*** DEBUG END ***

Holiness and Desire: What makes us who we are? by Jessica Martin

07 August 2020

Theological reflections on desire and holiness impress Robin Gill

THIS is a well-written, inspiring, and, in places, very personal book that explores connections between human desires and holiness and, indeed, between some human desires and serious unholiness.

Jessica Martin, Residentiary Canon at Ely and, formerly, Fellow in English at Trinity, Cambridge, was brought up in a chapel-going household, both her parents (David and Bernice Martin) being distinguished sociologists of culture and religion.

She imbibed their influence (and dedicates this book to them), but also explored Charismatic worship as a teenager, before becoming pregnant and then a single mother. In the personal sections of this book, she explains her disillusionment with ecstatic forms of Christianity and alludes to difficulties of bringing up her young daughter while studying and, then, seeking a deeper sexual relationship.

Now happily married, she knows from the inside the attractions and perils of human desire. She sets out in detail, for example, the pitfalls of online pornography. Emphatically, she is not a conservative moraliser who simply condemns pornography as decadent or sinful. She is much more concerned about how free online pornography distorts the desires and expectations of young people and then, cynically designed with algorithms, lures those attracted into expensive, sexually abusive, and, often, illegal forms of pornography.

Perhaps it is only an emotionally mature woman who could safely research and then analyse this seductive cultural trend. A generation of male desires has, she argues, become seriously damaging to men and women alike.

Nevertheless, human desire is important for holiness, as St Augustine of Hippo knew only too well while struggling with his own sexuality. The sheer attraction of holiness — whether experienced within worship, literature, music, or art, or encountered in holy people — is surely what inspires many of us to become or remain Christians. Without some desire, attraction, or (what I depict as) “moral passion”, it is difficult to see why any of us should devote time, energy, and money to a faith that seems to be increasingly marginalised within the West.

In his commendation of this book, the distinguished Canadian philosopher Charles Taylor writes: “Reading it strengthens my feeling that the decline of Christendom has opened the way for a remarkable flowering of new avenues towards the faith.” This is high praise indeed — and deserved. Martin brings her love of music, classical and popular, literature, and the Bible to illustrate the sort of human desire that can encourage and enhance holiness even within a supposedly secular society.

She admits at the outset that “This is a really, really wide range of inquiry, so I’ve gone for an unusual approach, one that is more like an old-fashioned ‘essay’ than a modern ‘argument’.” Its mixture of autobiography, cultural analysis, social criticism, and apologetics is also very accessible. She avoids jargon and engages the reader. Her views tend to be both socially liberal and theologically conventional — a combination that characterised her late father’s writings, albeit without his sometimes angular prose.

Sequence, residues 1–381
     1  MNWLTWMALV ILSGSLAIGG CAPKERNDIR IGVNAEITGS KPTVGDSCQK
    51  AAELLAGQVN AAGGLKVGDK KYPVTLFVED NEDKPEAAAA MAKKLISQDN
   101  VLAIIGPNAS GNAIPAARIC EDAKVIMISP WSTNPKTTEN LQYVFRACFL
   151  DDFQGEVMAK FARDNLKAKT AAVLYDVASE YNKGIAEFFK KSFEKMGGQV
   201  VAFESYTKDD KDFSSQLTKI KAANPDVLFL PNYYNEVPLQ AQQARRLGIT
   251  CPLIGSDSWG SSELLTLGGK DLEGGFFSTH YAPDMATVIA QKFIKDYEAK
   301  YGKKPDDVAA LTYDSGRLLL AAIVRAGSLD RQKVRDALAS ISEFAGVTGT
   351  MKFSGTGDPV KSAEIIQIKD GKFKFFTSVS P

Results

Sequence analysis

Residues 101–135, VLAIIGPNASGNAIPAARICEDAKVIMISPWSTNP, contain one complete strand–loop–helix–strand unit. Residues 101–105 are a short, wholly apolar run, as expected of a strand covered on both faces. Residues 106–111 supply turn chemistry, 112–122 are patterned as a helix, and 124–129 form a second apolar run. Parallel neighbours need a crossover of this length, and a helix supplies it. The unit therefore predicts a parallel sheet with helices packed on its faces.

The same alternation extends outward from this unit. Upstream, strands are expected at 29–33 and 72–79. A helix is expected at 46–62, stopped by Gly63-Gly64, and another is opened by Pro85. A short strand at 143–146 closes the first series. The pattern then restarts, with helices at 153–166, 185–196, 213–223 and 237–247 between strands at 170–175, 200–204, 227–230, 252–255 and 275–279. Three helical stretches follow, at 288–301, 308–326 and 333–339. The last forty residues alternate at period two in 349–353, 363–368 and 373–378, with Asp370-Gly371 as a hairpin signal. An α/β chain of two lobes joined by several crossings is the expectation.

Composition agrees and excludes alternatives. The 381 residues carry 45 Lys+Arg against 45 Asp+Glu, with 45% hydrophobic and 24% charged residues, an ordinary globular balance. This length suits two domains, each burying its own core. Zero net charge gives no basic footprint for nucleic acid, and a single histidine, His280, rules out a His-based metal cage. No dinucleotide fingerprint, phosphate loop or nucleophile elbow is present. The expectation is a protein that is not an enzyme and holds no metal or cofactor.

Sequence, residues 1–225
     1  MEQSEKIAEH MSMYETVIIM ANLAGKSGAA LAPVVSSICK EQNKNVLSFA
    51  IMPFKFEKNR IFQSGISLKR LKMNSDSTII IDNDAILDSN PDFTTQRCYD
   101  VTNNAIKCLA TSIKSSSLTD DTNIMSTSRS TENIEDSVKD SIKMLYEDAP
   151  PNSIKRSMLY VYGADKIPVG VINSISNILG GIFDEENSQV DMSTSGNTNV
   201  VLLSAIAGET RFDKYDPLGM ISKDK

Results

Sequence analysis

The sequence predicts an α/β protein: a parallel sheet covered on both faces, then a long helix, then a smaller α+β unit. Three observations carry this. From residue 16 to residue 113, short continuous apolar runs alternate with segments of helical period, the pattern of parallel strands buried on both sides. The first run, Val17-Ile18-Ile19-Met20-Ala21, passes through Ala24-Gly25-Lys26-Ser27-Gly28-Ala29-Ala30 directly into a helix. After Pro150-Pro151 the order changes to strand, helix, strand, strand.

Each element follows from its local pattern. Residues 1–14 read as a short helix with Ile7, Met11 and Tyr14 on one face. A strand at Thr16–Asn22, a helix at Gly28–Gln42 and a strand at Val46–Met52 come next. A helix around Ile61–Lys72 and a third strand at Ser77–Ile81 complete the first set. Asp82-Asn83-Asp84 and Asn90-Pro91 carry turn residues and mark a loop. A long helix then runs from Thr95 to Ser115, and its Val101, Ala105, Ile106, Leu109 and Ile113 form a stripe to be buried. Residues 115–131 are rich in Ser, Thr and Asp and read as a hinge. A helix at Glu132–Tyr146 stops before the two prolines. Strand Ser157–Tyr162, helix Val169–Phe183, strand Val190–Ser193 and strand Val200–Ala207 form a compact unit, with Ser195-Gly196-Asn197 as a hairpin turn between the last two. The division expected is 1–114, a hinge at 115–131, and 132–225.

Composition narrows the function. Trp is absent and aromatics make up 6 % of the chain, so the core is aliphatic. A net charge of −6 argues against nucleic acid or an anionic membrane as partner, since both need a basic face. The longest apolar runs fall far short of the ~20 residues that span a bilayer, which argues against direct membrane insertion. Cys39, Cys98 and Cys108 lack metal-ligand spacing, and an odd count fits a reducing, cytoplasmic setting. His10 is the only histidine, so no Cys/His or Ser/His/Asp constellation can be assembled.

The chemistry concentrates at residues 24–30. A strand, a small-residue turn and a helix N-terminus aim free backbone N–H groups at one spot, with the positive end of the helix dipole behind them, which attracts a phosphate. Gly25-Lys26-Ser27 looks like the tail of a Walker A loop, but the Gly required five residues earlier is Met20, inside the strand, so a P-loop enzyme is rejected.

This is not a book for pedantic scholars, but it is written by someone who is herself both a scholar and a pastorally minded priest. As she states, it is a book for anyone who is “really interested in what it could be to live well and expectantly in dark times”. It deserves to be read widely.


Canon Robin Gill is Editor of Theology and author of Moral Passion and Christian Ethics (CUP, 2017).


Holiness and Desire: What makes us who we are?
Jessica Martin
Canterbury Press £16.99
Church Times Bookshop £13.59

Browse Church and Charity jobs on the Church Times jobsite

Church Times Bookshop

Save money on books reviewed or featured in the Church Times. To get your reader discount:

> Click on the “Church Times Bookshop” link at the end of the review.

> Call 0845 017 6965 (Mon-Fri, 9.30am-5pm).

The reader discount is valid for two months after the review publication date. E&OE

Forthcoming Events

Green Church Awards

Awards Ceremony: 6 September 2024

Read more details about the awards


Festival of Preaching

15-17 September 2024

The festival moves to Cambridge along with a sparkling selection of expert speakers

tickets available



Festival of Faith and Literature

28 February - 2 March 2025

The festival programme is soon to be announced sign up to our newsletter to stay informed about all festival news.

Festival website


ViSIt our Events page for upcoming and past events 

The Church Times Archive

Read reports from issues stretching back to 1863, search for your parish or see if any of the clergy you know get a mention.

FREE for Church Times subscribers.

Explore the archive

Welcome to the Church Times


To explore the Church Times website fully, please sign in or subscribe.

Non-subscribers can read four articles for free each month. (You will need to register.)